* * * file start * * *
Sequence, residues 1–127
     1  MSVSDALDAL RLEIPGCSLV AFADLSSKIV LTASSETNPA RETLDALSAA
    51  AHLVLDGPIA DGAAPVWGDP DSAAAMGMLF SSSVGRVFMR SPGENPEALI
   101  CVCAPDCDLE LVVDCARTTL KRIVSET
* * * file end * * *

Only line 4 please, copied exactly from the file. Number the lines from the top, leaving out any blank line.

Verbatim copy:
   101  CVCAPDCDLE LVVDCARTTL KRIVSET